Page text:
Advice and information for patients​

Knee pain is very common. Pain in the knee can be caused by a problem with the joint, muscles, tendons or other soft tissues. Pain may be caused by a specific injury or gradually build up over time. 

Most knee pain has a simple cause and will resolve within a short period of time. Even more persistent problems, such as osteoarthritis can be self-managed successfully with good advice and exercises.

How can I help myself to get better?

Minor injuries, such as mild sprains and strains, can be treated at home and should start to improve after a few of days. Using a protection, rest and ice regime initially can help.

Sedentary and inactive lifestyles increase the risk of developing pain and can also delay your recovery. Being active for 30 minutes in your day can make a big difference in your overall health and improve your pain. 

Pain relief

Getting the right pain relief to allow you to return to your usual activities is the key to success in the early stages. Pain killers, such as ibuprofen, paracetamol and gels can help. Make sure you discuss this with your GP or pharmacist.


Keeping your knee moving is important to stop structures stiffening up and your muscles becoming weak. You need to find the right balance between rest and exercise – some people find too much increases the pain while too little makes the knee stiffen up. Little and often movement is usually the best approach to help you get your knee back to normal.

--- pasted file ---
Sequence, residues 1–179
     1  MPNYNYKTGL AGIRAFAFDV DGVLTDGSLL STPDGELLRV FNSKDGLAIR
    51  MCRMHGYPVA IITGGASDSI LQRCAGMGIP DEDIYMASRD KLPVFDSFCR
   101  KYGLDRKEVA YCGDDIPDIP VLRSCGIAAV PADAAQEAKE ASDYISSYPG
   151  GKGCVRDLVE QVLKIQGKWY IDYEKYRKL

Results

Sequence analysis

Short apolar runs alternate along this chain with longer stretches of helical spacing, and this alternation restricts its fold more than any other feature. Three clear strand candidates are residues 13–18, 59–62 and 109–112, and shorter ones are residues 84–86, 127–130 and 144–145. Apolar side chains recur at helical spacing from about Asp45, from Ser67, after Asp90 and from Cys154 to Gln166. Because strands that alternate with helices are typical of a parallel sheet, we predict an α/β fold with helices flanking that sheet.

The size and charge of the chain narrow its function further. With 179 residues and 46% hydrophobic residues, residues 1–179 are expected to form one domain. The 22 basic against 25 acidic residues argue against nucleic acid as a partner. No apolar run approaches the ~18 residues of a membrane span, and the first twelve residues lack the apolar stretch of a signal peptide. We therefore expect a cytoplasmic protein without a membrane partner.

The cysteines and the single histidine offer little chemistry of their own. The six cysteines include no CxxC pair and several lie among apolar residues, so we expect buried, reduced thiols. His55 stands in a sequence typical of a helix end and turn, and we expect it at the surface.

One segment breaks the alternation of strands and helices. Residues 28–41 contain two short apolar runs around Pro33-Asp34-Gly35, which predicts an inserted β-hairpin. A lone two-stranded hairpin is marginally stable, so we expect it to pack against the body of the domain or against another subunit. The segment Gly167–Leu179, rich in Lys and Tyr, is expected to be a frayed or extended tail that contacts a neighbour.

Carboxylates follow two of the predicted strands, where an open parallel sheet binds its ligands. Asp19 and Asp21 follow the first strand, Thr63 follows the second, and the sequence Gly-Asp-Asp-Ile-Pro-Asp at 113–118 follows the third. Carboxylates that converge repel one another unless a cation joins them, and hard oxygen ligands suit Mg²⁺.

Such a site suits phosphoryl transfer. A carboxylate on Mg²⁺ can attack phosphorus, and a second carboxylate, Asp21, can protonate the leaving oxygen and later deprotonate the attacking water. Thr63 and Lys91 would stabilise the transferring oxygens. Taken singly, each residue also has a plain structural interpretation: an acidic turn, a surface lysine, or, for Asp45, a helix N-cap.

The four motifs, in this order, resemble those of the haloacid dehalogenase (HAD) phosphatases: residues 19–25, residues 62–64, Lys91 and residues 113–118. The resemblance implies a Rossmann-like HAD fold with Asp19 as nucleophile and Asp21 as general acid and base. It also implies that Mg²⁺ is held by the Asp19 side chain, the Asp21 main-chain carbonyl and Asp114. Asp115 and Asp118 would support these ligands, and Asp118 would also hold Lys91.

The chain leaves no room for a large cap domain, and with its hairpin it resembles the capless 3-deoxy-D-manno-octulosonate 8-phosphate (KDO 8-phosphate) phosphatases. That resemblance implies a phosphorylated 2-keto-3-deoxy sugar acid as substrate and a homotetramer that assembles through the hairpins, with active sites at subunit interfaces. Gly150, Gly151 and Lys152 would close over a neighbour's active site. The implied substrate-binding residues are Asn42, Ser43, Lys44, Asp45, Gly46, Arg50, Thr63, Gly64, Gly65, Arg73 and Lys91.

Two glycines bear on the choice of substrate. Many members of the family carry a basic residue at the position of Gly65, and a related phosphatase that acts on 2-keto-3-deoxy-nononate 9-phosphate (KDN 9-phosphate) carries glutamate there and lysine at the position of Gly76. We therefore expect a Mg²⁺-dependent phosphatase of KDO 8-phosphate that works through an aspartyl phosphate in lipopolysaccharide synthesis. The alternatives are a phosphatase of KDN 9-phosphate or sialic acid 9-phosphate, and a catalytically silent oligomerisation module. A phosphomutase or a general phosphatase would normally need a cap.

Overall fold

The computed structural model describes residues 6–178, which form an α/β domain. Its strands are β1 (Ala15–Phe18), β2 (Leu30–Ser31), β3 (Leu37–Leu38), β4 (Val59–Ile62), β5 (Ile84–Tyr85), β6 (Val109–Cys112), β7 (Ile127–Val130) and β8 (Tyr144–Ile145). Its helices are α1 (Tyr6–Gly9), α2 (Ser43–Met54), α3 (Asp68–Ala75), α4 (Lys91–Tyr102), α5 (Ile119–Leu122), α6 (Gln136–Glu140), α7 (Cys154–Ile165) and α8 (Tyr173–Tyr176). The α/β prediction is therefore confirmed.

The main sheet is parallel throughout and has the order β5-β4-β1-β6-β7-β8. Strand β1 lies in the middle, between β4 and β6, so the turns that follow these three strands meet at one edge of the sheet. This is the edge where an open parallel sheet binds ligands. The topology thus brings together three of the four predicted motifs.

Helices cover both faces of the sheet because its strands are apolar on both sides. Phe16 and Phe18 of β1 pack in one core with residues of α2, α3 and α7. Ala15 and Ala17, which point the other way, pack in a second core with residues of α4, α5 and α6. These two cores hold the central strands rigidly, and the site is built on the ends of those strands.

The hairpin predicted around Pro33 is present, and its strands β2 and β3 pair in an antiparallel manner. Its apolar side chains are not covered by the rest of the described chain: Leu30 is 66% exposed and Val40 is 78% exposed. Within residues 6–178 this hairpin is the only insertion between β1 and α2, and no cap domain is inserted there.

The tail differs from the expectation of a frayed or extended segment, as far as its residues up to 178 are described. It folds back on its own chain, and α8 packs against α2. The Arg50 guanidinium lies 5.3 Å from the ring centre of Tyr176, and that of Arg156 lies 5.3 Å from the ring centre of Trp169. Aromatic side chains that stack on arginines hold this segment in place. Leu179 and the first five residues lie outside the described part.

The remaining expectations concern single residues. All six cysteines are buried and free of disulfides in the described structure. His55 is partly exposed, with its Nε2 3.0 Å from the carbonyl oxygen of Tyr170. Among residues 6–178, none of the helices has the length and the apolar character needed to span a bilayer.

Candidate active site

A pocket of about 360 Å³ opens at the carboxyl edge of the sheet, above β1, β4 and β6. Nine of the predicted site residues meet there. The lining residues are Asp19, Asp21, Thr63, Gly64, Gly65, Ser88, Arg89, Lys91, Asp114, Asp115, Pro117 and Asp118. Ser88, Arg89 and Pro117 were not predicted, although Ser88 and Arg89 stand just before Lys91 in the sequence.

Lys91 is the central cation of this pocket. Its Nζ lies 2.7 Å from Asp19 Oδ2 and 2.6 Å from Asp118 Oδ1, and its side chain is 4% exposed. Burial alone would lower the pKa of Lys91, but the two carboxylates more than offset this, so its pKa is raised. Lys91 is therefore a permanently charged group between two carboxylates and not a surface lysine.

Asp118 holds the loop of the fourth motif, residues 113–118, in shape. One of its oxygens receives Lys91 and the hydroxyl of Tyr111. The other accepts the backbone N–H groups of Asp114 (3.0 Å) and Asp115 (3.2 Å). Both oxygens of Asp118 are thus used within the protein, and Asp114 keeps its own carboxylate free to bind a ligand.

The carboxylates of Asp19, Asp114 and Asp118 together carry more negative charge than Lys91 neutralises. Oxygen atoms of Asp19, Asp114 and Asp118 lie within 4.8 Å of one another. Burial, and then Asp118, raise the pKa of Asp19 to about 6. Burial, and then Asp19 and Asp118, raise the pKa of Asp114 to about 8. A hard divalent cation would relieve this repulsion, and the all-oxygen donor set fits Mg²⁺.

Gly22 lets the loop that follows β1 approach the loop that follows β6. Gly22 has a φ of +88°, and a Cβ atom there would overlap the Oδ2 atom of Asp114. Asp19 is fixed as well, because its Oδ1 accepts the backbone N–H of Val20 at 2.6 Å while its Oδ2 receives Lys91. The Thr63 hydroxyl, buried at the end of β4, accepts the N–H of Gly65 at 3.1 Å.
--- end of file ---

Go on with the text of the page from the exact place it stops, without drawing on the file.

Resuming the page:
Some basic exercises can be useful in easing your knee pain and to help it move better. If pain is the result of overuse or overtraining, try to reduce the amount of activity (rather than stopping it altogether) that may be exacerbating your symptoms for a short period, until the pain settles. You should then aim to slowly work back up to your previous activity level. If exercising does not affect your symptoms or improves them, try to stay as active as possible.

When should I see my GP or physiotherapist?

Many episodes of knee pain get better or improve on their own, however you should seek medical advice for the following: 

  • After a sudden traumatic or high impact injury
  • If the pain is severe or the knee is hot, red or very swollen
  • If you have tingling or numbness down the leg
  • If you develop acute knee pain at the same time as feeling unwell or having a fever you should see your doctor immediately

Specific knee conditions

If you have been given a diagnosis, below is some advice to help you manage your specific condition.